LESSON 2.9
Create the Ending

Your story idea now contains a What Section and a Why Section.

Beginning the Ending

The main character must solve the problem.  Therefore, to start the ending, use a simple sentence such as Then I had an idea.

Starting the Why Section

Begin the Why Section by starting a new paragraph and repeating the What/Why Statement.

 

WHAT STATEMENT

WHY STATEMENT

 

 

LH

VP

RH

Because

Why

End

 

Main Character

Verb Phrase

Troublemaker

Because

Problem

Solution

 

I

had a problem with

a talking dog

 

it made prank phone calls in Athabascan

 

1st sentence

 

I loved Jackson, my golden retriever.

 

 

Then one day I (verb) a troublemaker

 

I had a problem with a talking dog because it made prank phone calls in Athabascan

Then I had an idea.

Task 2.9.2 – Small Group

Brainstorm possible endings in which the main character solves the problem.

Task 2.9.3 – Small Group

Ever watch a movie and the ending was terrible? That’s because the writer did not do their job.

There are four things writers must avoid doing in an ending.

Don’t just Stop the Story

You cannot just end the story. In our sample story, the problem is not just that the dog can speak Athabaskan. If you just end this story, you still have the problem of the dog not really being yours anymore. Everybody will want to play with it and have it speak to them.

Someone Else Cannot Solve the Problem

Listeners and readers want the main character to succeed. If someone else solves the problem, then that does not happen. You cannot have luck, your family or friends, prayer or the troublemaker solve the problem.

The Solution Cannot Be Obvious

Too many movies have main characters solve the problem by punching or shooting someone. That’s fine, but it has to be done in a way the reader would not think of right away.

Plant Information Earlier

You may need to put in what is called a plant. This is something you insert earlier so it makes the ending work.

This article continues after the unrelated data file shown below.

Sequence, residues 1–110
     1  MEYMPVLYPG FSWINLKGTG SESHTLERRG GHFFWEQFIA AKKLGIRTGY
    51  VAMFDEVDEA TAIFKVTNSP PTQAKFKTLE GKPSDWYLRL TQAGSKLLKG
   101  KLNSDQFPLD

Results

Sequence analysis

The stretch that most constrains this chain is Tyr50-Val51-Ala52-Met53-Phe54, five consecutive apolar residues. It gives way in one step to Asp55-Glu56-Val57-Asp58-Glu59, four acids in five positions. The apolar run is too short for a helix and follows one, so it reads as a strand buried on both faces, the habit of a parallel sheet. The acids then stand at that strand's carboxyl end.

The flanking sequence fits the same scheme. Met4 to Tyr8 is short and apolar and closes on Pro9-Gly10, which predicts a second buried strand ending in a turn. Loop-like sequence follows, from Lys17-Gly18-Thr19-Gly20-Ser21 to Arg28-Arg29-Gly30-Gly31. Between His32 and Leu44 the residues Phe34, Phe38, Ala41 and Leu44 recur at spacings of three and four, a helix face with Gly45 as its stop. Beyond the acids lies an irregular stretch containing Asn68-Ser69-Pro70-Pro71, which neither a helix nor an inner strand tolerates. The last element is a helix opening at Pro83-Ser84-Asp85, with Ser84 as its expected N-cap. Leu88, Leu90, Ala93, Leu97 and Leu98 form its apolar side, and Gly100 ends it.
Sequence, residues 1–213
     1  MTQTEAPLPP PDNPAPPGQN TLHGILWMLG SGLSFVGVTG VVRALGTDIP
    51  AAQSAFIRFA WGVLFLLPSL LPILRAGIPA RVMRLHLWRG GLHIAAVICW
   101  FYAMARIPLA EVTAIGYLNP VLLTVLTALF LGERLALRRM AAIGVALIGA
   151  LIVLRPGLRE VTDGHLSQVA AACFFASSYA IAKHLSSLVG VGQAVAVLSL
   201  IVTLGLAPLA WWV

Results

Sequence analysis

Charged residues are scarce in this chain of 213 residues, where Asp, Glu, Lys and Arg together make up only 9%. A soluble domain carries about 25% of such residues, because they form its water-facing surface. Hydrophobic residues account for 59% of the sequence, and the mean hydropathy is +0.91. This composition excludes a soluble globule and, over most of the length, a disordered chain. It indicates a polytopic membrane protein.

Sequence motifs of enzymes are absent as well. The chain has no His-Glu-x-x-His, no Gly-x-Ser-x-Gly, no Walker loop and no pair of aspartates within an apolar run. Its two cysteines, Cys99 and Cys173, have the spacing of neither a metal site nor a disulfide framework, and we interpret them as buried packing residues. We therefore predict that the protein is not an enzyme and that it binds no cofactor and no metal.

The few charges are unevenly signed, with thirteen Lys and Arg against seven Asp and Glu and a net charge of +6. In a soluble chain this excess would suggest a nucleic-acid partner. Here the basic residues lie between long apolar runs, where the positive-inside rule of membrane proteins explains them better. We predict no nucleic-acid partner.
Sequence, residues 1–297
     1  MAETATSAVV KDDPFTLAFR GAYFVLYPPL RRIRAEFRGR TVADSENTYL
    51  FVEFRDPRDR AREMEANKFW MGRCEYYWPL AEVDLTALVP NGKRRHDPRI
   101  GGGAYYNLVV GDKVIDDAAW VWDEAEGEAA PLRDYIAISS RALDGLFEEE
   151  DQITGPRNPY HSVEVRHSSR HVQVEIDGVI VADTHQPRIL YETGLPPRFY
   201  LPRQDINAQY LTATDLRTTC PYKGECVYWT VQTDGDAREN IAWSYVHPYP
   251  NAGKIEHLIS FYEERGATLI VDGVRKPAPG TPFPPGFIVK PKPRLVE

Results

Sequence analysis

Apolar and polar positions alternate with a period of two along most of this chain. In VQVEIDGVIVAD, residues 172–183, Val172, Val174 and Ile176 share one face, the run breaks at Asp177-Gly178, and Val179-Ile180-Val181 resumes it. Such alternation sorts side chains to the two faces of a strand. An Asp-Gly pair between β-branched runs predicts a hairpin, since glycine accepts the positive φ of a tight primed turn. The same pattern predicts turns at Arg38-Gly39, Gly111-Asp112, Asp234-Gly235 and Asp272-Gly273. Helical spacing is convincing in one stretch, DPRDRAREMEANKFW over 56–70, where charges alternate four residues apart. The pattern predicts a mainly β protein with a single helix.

Let’s say that you learn your dog can speak 16 languages very early in the story, such as when you catch him making pranks calls. Is there a way the family can use the dog’s skill?

Maybe the main character realizes, “He doesn’t just like to speak other languages. He likes to talk on the phone.” America has many languages. A telemarketer speaking with many languages could do well.

The Story Cannot Be a Dream

Doing that cheats the readers.

Task 2.9.4 – Small Group

Grade the remaining ideas.

            C         Listeners would likely think of this even though it is not an obvious solution.

            B         Listeners would not likely think of this AND it is consistent with the story.

            A         Listeners would likely say “Wow!” and it is consistent with the story.

Task 2.9.5 – Small Group

Create and work a Decision Chart.  Possible evaluators might be—

  • Which solution do you yourself like the best?
  • Which solution will most likely impress listeners?
  • Which solution is the most humane?

Possible

endings

I like

best

Most

Likely

impress

Most

humane

Total

Poss. End 1

 

 

 

 

Poss. End 2

 

 

 

 

Poss. End 3

 

 

 

 

Task 2.9.6 – Small Group

Create the solution. 

Add a few sensory details to make listeners feel as if they are “there.”.

Task 2.9.7 – Group

Create the wrap-up. 

The wrap-up, also known as the dénouement (day-new-ma) ties up any loose ends.

For example, in our talking dog story, the main character could introduce the idea of the dog becoming a telemarketer. Listeners don’t know, however, it the dog will agree.  So the last sentence might say, And the dog’s eyes lit up.